I’m thrilled to announce that Anime Corner interviewed Hiroyuki, the creator of Girlfriend, Girlfriend (also known as Kanojo mo Kanojo), a Japanese romantic comedy manga series that recently received an anime adaptation.
Hiroyuki-sensei provided us with interesting responses to our questions and allowed us to gain a better understanding of the series through his perspective.
The interview was conducted in Japanese by one of our staff, Juan Miro E. Vera, with the assistance and coordination of Kodansha USA. It has been translated into English and can be read below. We hope you enjoy it as much as we did!
*NOTE: We’ll refer to the interviewer as “M” and Hiroyuki-sensei as “H” throughout the interview.
M: I’m Miro from Anime Corner, an online news media platform. Hiroyuki-sensei, it is a pleasure to meet you.
H: My pleasure.
M: Okay, so to start off with the first question…
We’ve been conducting weekly polls and discovered that a large number of fans were enjoying Girlfriend, Girlfriend. Its popularity is growing, and we’d like to know if you anticipated a positive response from fans all over the world, as well as what you think is the reason for the series’ success.
H: I’m glad to hear that the anime was well-received. If you ask me if I expected the popularity, I’d have a hard time answering. The topic of, you know, two-timing itself is- I wasn’t sure if it would be accepted in Japan even while I was drawing the manga, and I was even more unsure how it would fare internationally.
Two-timing may be acceptable in some cultures, but it may be strictly prohibited in others. Because it was impossible to predict how the story would be received, I’m ecstatic that so many people are enjoying it.
As for the reason for its success, I’ve heard that Aho Girl was well received overseas, and comedic shows can be enjoyed by a wide audience, so I believe they enjoyed it because of the anime’s love comedy aspect.
M: So, in other words, when you try to write a new story that you like, do you think it will be well received?
H: I keep in mind to draw something that I would want to read and enjoy myself. That, I suppose, is the most important part.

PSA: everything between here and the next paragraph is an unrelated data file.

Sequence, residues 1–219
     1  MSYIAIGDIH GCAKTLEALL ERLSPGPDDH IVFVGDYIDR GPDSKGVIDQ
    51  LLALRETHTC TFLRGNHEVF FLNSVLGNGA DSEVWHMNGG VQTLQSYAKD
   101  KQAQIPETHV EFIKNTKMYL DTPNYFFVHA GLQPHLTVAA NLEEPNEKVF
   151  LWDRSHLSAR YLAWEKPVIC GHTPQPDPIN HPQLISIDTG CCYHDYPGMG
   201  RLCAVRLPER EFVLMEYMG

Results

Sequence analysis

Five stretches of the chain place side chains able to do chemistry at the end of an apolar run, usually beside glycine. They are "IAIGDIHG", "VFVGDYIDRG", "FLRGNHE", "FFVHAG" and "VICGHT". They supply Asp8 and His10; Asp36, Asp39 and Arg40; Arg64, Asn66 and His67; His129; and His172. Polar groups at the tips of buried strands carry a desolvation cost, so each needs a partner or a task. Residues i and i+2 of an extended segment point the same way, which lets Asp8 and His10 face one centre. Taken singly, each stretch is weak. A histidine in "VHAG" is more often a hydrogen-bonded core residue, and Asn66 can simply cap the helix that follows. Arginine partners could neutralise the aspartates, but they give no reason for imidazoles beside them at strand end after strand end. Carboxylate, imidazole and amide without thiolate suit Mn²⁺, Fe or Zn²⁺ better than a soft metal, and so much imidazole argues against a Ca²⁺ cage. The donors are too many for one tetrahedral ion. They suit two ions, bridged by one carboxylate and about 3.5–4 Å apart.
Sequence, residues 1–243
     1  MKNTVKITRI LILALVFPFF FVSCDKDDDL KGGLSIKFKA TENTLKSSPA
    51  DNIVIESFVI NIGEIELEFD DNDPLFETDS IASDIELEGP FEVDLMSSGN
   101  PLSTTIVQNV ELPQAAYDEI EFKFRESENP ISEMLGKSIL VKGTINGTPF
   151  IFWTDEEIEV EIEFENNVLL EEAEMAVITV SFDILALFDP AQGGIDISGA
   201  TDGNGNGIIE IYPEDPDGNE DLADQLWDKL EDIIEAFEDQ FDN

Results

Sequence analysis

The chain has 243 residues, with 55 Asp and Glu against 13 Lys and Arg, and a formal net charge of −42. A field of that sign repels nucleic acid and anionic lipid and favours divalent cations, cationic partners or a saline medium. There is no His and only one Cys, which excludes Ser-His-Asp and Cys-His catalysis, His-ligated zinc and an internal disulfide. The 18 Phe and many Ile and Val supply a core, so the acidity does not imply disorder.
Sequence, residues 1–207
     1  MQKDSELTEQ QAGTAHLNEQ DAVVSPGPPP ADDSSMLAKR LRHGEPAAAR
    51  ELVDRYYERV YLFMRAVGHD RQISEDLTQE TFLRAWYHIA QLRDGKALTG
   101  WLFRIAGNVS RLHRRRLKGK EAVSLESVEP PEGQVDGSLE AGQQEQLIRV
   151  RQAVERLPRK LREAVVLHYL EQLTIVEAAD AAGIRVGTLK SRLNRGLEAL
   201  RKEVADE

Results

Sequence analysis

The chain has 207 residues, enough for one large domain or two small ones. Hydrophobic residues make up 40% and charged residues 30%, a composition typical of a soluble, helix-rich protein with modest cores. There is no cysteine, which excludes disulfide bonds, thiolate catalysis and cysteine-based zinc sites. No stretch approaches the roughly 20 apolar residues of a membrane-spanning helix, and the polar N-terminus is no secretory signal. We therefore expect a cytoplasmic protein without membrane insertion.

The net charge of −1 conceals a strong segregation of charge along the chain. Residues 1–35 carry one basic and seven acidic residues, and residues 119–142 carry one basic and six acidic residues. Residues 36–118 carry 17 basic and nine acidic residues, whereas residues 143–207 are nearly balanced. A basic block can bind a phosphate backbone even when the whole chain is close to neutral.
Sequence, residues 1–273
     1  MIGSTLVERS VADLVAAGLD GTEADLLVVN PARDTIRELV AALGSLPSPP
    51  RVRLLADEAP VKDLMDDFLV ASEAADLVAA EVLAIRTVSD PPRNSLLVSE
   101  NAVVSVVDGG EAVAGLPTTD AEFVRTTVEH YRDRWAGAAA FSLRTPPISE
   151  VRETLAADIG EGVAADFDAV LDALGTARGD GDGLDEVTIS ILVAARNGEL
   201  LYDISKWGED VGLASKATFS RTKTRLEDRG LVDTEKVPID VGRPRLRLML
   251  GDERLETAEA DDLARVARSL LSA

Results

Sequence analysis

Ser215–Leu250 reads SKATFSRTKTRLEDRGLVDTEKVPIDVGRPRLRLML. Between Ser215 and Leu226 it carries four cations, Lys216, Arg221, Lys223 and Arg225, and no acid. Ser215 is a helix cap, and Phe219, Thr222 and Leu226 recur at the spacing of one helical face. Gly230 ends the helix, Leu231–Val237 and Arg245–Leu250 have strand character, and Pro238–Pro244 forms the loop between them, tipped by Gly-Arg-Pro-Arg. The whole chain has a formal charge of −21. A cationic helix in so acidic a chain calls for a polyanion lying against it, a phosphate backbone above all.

M: Thank you very much. So, the next question is…
How were the hair colors for the main girls chosen? Was there some specific reason behind it (e.g. Saki’s red hair representing her fiery personality)?
H: There is, in fact, something of the sort. As an example, consider warm and cool colors. Saki is red, while Nagisa is blue. The quiet Nagisa, for example, has blue hair, while the emotional Saki has red hair; thus, it is easy to imagine their personalities based on their hair color. Milika has bright yellow hair to match her cheerful personality. Shino is a bit gloomy, so purple is good for her.
The names of the characters also share color-based elements. Saki’s name is derived from the redness of flowers, “Minase” and “Nagisa” are derived from water, and Hoshizaki (Rika) is derived from stars (Hoshi = star), although stars are not necessarily yellow but appear yellow. “Shino” is simply based on the color purple.
M: Thank you very much. Moving forward…
You’ve previously stated in an interview with Crunchyroll that the experience from Aho-Girl helps a lot, but we’re curious as to how you come up with and plan the series’ comedic situations. Is there any specific process you follow for inspiration?
H: I’d say that my approach to writing comedy hasn’t changed since Aho-Girl. This time, the protagonist, Naoya, is a peculiar two-timing character. From there, I imagine “what would the characters think?” and “what would they try to do in this situation?” before they butt heads. That is fundamentally how I believe a comedic scenario emerges. The comedic scenarios would not occur if they all had the same goals. Because they have opposing goals, they create a conflict, and all I have to do now is write an enjoyable depiction of that conflict.
M: So the (comedic) situations are a natural result of the personalities/goals of the characters?
H: That is something you could say. These characters are basically acting based on their personalities, and it turns into an entire manga; after that, I just produce the scenes.
M: That is incredible. It’s as if you write them naturally!
M: The next question is…
Both the main characters of “Girlfriend, Girlfriend” and “Aho Girl” love bananas. Is that one of your favorite foods, or was it just a coincidence?
H: I like bananas (laugh).